Rugged, almost vertical cliffs, plunge into an azure blue sea that alternately crashes and caresses the charcoal colored rocks which form the coastline of this volcanic island. The towering cliffs veined with long ago cooled lava lead to an interior that is brimming with life. Lush green landscapes of ferns, palms and laurels soar over an understory of blue and white hydrangeas and agapanthus.  

Traveling to the highest areas often requires passage through gently floating clouds surfacing to a deep blue sky and gently warming sun. Crossing a ridge line or driving through a tunnel carries visitors from one micro climate to another. Classified as a Mediterranean climate the weather is spring like year round. Anytime is good to visit! 

“Brits go to Madeira to escape our damp, chilly winters,” my father Brian who lives in the UK had stated during our weekly Skype session sometime in January. “I’ve been told it is very pleasant.” We met in Madeira at the end of June. Hotels suitable for all budgets and tastes are plentiful.  

We stayed at the three star Dorisol Buganvilia in the São Martino area of the capital city Funchal; close to bars, restaurants, grocery stores and the promenade and lido area. A daddy/daughter vacation to celebrate family ties that are sometimes stretched by the distance separating us across the Atlantic.  

Madeira is a fascinating combination of old and new. Officially claimed for Portugal in 1418 by João Gonçalves Zarco. The spectacular scenery and temperate climate are what draws European tourists to Madeira. A slower pace of life, lower cost of living and friendly locals are what makes many into expats.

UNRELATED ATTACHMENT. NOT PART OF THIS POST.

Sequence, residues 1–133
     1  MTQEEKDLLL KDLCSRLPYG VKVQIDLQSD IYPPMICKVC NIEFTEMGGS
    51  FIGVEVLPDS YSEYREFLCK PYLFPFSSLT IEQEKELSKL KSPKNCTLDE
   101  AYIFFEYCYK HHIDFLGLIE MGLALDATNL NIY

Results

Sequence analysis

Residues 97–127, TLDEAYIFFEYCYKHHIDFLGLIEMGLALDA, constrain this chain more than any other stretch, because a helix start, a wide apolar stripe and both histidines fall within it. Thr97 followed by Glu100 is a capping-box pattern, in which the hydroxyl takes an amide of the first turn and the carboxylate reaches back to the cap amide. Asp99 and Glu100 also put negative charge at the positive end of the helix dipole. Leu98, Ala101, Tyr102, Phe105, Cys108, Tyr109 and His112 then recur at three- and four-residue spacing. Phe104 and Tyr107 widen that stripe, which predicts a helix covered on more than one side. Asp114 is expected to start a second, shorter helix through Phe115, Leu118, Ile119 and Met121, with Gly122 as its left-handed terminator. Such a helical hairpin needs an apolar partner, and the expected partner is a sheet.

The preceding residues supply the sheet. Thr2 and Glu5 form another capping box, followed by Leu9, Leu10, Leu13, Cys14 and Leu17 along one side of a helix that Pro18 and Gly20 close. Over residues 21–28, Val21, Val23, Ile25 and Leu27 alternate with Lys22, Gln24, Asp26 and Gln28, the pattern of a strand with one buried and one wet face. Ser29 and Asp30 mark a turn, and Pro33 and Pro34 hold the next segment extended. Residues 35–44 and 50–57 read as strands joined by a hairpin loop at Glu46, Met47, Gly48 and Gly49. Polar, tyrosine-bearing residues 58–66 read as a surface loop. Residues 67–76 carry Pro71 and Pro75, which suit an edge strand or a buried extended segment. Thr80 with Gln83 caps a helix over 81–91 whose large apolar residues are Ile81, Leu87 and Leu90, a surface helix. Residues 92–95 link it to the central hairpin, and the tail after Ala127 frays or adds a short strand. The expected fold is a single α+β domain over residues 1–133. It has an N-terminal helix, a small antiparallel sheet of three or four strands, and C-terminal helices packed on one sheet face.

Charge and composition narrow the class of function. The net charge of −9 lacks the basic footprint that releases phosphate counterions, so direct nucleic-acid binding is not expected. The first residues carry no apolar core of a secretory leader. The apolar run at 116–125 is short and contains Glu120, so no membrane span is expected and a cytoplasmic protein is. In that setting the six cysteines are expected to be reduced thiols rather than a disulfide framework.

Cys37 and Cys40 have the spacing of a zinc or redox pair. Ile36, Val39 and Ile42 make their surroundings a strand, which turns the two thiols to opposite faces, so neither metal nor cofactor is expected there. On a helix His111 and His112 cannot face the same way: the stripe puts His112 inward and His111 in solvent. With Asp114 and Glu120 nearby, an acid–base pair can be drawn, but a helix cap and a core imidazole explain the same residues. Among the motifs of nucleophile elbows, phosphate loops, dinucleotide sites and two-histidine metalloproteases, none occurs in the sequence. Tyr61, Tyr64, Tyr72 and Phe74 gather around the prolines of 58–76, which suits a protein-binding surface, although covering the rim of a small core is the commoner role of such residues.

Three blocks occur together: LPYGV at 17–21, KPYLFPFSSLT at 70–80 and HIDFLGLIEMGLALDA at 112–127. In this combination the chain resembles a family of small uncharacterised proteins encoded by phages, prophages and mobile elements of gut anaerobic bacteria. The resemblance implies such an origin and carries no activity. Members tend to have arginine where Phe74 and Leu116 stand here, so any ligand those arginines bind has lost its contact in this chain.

On our first day Brian looked at the map and selected Porto Moniz for our first excursion. Driving in Madeira is fun if you are comfortable driving a stick shift and don’t mind miles of twisty mountain roads. We went around many hairpin bends often coming face to face with a bus. The bus service is excellent as are the guided tours so if perfecting your hill start sounds more stressful than fun skip the rental car.  

Porto Moniz is on the northern coast. The easiest route to get there is to drive across the island or more accurately through the island. Billions have been spent on infrastructure including an impressive network of tunnels totaling 120 miles which according to the locals have reduced travel times extensively. The longest tunnel we drove through was just over 2 miles in length.

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Porto Moniz is spectacular although being on the north side it tends to be cloudy more frequently than the southern side of the island. The town is known for its natural lava rock pools where swimmers can enjoy safe waters while being splashed by ocean spray. The day we visited it was too cold to immerse in the cool Atlantic water however the incredible coastline and mountain views more than made up for it.

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To drive back we chose the smaller winding roads across the moorland of Paúl de Serra. This area is home to the islands wind farms which along with solar and hydroelectric power generate a good percentage of the electricity. The same day it was cold and damp down in Porto Moniz it was hot and sunny up on Paúl de Serra.

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Hiking the Levadas

Mist swirls around the top of the mountain. A short walk and a curve to the right reveals a hint of blue sky. A few more steps and the mist fades as the sun reveals a winding pathway next to a narrow watercourse framed with bright, forest green leaves, ferns and lilies all strongly accented with blue and white agapanthus and hydrangeas. Another turn and the valley below is revealed as it swoops steeply down towards the azure blue ocean in the distance.

Tiny orange and white dots lining the hillside are all that can be seen of the many houses in the town below with their white washed walls and orange tile roofs. Birds are chirping in the bushes, the gurgle of water in its endless decent downwards and the soft thuds of my footsteps are the only sounds I am aware of.

A few minutes later I reorganize my back pack onto one shoulder, reach for my flashlight and plunge into complete darkness.